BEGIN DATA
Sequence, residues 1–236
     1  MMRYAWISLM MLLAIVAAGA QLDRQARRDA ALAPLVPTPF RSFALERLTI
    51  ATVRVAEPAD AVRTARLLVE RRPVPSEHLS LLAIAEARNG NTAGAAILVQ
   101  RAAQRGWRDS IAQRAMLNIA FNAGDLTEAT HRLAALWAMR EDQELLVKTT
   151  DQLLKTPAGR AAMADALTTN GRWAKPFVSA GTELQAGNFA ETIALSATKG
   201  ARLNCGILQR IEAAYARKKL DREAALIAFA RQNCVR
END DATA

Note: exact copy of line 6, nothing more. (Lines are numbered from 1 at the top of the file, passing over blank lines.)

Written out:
   201  ARLNCGILQR IEAAYARKKL DREAALIAFA RQNCVR